Ultrabooks are the new breed of laptops which basically provide consumers with: 1. A low-voltage Intel Core processor, 2. A frame no thicker than 0.83 inch, 3. At least five hours of battery life, 4. And fast boot times.
Currently, all manufacturers are vying to produce this line of product which is remarkably similar to Apple’s MacBook Air, which started the trend of ultra slim yet powerful laptops. Apple doesn’t brand its MacBook Air as a Ultrabook, but other manufacturers have taken on this product range and the top five ones in this category include:
Asus Zenbook UX31-RSL8: This Ultrabook has the benefit of a Core i5 processor, a sleek, slim and sturdy design, high-resolution display, and Bang & Olufsen sound, along with mini VGA-to-VGA and USB-to-Ethernet dongles for added connectivity. Some of the cons of this model by Asus include the fact that the Solid State drive offers lower storage capacity than the competition and that it has a mini HDMI port rather than a full size one.
HP Envy 14 Spectre: It offers a sexy glass casing, a sunny screen and backlit keyboard along with amazing audio and battery life (up to 9 hours). This goes along with the Core i5 processor and the patented HP Coolsense and Imagepad technology. While the machine is amazing to look at and use, it is heavier than its counterparts and while you can use a HP coupon code to drop the price a bit, it is costlier too. These are the most significant cons that we found.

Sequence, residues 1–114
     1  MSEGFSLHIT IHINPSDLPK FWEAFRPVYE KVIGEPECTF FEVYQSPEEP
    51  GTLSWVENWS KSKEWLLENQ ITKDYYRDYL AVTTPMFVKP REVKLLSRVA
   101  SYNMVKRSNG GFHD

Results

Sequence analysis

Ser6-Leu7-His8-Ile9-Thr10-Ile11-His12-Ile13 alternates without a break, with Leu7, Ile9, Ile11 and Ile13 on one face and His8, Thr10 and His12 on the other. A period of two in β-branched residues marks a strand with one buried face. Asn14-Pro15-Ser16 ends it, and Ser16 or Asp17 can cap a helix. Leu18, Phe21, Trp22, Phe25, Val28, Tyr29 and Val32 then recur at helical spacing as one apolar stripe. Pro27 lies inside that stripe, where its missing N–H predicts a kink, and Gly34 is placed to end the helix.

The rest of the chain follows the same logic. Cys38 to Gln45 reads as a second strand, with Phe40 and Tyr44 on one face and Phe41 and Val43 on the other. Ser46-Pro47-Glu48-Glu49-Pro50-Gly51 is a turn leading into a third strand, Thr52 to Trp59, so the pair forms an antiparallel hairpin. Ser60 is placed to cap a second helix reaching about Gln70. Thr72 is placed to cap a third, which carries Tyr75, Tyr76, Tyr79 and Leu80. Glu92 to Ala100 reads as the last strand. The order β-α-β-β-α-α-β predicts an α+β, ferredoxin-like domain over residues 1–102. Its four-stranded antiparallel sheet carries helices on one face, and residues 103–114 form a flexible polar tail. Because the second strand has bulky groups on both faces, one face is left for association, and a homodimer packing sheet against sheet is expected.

Samsung Series 9 15-inch (NP900X4B-A02US): This model offers a bright, hi-resolution display, WiDi and 15 inches of display area, which make it a great purchase. The cons of this model are numerous, however, and include the heavy price tag, a shallow keyboard, slippery touchpad, no VGA and HDMI dongles and only 57-128 GB of SSD. With this model, Samsung is competing with the 15 inch MacBook Air but is coming up short.
Toshiba Portege Z835-P370: This Ultrabook by Toshiba is one of the lightest 13.3 inch Ultrabooks on the market. Other pros for the machine include the fact that it has plenty of ports, a backlit keyboard and 6GB of RAM, while the competition only offers 4GB for the same price. The cons of this model include that its screen is a little flimsy and the keyboard is a little stiff. At the same time, it offers no Smart Connect Technology but still offers value for money to the consumer.
Apple MacBook Air: As pointed out above, the MacBook Air is technically not an ultrabook, but it is what all ultrabooks are compared with. Apple has a head start in terms of developing Ultrabook models, and its Air design offers fast performance, simple, elegant and typical Apple Design, which means that the machine is sturdy while the system is completely reliable. The cons of the device are the same across the board with other MacBook Airs: No HDMI and USB 3.0 ports, the fact that it is very expensive, limited fixed flash storage and RAM; no SD card slot, Ethernet port, or 3G wireless option and an unimpressive battery life which is critical for these devices. Still, the MacBook Air remains a tough competitor for the top UltraBook spot, given its fan following and first mover advantage.